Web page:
Beltway: Read on:

When the downstairs "whittlers and tobacco spitters" were ganged up planning their barbecue and (sneaky) beer bash, I asked them what the 4th was all about. A couple said, "holiday", "celebrate". One said, "independence day". I asked "independence from what?" Blank looks, then one said questioningly, "from England?" And another said, "Oh yeah!" and started singing, "In 1814 we took a little trip, down with colonel jackson on the mighty mississip, we took a little bacon and we took a little beans and we fought the bloody british in a town called new orleans...."

Right church but the wrong pew.

And these were not jr high kids! These were grandparents ages. Sheesh!!

To most people it means parades, barbecue, beer bashes or beaching it.

Thursday, July 03, 2008 4:31:00 AM


Blogger Granny said...

Or a backyard bbq which is what we have in mind.

Nevertheless, I do know that old Johnny H. was singing about the War of 1812.

Happy 4th everyone.

Thursday, July 03, 2008 7:54:00 AM

Yeh, Granny. 1812 was a little later than 1776. Some people remember the history of the War for Independence (the basics) but few really know what the patriots suffered and sacrificed.
Blogger GDAEman said...

I'd like to think the founder's motives were noble and pure, but I suspect the Revolutionary War was another fight among the elite (white men on this side of the Atlantic wresting control from the same on the other side of the Atlantic).


A 4th of July reading
from Howard Zinn's "A people's History of the United States" tells a different story.

Monday, July 07, 2008 12:41:00 PM

Labels:

6 Comments:

  • At Wednesday, July 02, 2008 4:16:00 AM , Anonymous Kvatch said...

    ...and our 'latter-day patriots' pose for photo-ops aboard mighty military machines, never having placed themselves in harm's way.

    To such depths we have sunk.

     
  • At Wednesday, July 02, 2008 5:08:00 AM , Blogger The Future Was Yesterday said...

    Rocks were their pillows when they gave it all up so we could eat shitty burnt hot dogs and get so drunk we can't stand for the playing of the anthem when the band goes by on Main Street...(:

     
  • At Wednesday, July 02, 2008 8:55:00 PM , Blogger The Beltway B@stard said...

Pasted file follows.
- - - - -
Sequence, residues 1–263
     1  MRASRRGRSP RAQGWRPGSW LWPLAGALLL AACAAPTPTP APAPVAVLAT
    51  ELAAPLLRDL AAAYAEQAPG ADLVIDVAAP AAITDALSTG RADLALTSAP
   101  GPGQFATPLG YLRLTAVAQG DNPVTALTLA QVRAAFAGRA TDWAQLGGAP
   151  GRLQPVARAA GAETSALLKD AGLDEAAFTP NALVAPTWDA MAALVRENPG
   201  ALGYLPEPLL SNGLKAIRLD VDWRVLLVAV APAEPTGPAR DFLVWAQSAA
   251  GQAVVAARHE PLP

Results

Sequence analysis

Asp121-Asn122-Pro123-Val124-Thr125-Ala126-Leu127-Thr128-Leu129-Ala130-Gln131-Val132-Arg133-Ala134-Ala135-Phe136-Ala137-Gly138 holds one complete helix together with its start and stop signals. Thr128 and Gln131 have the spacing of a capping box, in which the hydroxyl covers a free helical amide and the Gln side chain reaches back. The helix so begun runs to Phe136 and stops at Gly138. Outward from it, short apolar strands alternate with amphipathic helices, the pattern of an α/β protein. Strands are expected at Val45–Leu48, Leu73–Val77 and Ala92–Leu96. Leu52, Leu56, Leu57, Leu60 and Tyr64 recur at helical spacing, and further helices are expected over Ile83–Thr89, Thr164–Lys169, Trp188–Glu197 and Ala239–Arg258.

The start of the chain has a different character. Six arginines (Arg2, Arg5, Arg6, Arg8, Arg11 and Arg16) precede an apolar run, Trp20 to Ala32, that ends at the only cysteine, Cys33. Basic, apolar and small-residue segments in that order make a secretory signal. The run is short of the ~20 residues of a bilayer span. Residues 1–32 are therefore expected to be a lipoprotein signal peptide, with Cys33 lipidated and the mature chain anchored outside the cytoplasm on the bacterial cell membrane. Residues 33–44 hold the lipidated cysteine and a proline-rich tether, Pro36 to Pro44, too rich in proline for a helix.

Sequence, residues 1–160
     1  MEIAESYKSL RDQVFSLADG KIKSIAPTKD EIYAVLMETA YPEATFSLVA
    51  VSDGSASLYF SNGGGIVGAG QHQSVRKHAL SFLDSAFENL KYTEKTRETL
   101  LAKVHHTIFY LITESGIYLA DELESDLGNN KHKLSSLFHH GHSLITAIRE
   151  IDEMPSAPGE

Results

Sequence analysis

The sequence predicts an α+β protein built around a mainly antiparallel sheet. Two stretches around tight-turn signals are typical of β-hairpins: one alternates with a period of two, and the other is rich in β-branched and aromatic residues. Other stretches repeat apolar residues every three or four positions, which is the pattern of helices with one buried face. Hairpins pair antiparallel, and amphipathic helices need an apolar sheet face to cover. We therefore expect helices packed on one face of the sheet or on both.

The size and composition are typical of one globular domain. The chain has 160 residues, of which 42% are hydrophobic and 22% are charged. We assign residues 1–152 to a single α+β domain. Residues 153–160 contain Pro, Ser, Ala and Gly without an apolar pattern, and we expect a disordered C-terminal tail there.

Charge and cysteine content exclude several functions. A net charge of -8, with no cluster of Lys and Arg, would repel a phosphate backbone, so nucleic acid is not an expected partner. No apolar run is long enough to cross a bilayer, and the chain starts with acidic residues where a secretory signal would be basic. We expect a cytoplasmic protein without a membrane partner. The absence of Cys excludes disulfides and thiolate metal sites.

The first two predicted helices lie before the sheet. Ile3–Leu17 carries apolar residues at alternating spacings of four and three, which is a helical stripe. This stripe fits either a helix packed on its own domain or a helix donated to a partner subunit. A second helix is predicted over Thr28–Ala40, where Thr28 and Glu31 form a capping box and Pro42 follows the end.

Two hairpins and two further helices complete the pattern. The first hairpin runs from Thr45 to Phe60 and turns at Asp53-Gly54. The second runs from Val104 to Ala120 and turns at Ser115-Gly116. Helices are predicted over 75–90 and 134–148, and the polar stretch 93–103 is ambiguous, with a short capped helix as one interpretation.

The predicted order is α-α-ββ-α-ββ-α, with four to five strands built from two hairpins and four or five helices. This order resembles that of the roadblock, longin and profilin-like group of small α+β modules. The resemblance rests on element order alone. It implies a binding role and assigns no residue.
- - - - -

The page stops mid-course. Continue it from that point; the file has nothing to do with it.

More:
Not enough people know what the founding fathers went through. Heck (wow, it's really hard for me to say words like heck), ask the average joe on the street and they won't even know what the 4th is all about.

     
  • At Thursday, July 03, 2008 4:31:00 AM , Blogger Worried American said...

    Hi, Kvatch! It's good to hear from our multicolored frog. Your new blog is doing great, last time I checked. Greetings to the Frogette. Come back again, soo. You are missed. You are soooo right about our photo-op "patriots" today.

    Yes, Dan'l, so damned true. Too many of us citizens won't even take the time and trouble to email our reps to raise hell for them to represent the will of the people instead of the lobbying big businesses and special interest groups.

    When the downstairs "whittlers and tobacco spitters" were ganged up planning their barbecue and (sneaky) beer bash, I asked them what the 4th was all about. A couple said, "holiday", "celebrate". One said, "independence day". I asked "independence from what?" Blank looks, then one said questioningly, "from England?" And another said, "Oh yeah!" and started singing, "In 1814 we took a little trip, down with colonel jackson on the mighty mississip, we took a little bacon and we took a little beans and we fought the bloody british in a town called new orleans...."

    Right church but the wrong pew.

    And these were not jr high kids! These were grandparents ages. Sheesh!!

    To most people it means parades, barbecue, beer bashes or beaching it.

     
  • At Thursday, July 03, 2008 7:54:00 AM , Blogger Granny said...

    Or a backyard bbq which is what we have in mind.

    Nevertheless, I do know that old Johnny H. was singing about the War of 1812.

    Happy 4th everyone.

     
  • At Monday, July 07, 2008 12:41:00 PM , Blogger GDAEman said...

    I'd like to think the founder's motives were noble and pure, but I suspect the Revolutionary War was another fight among the elite (white men on this side of the Atlantic wresting control from the same on the other side of the Atlantic).


    A 4th of July reading
    from Howard Zinn's "A people's History of the United States" tells a different story.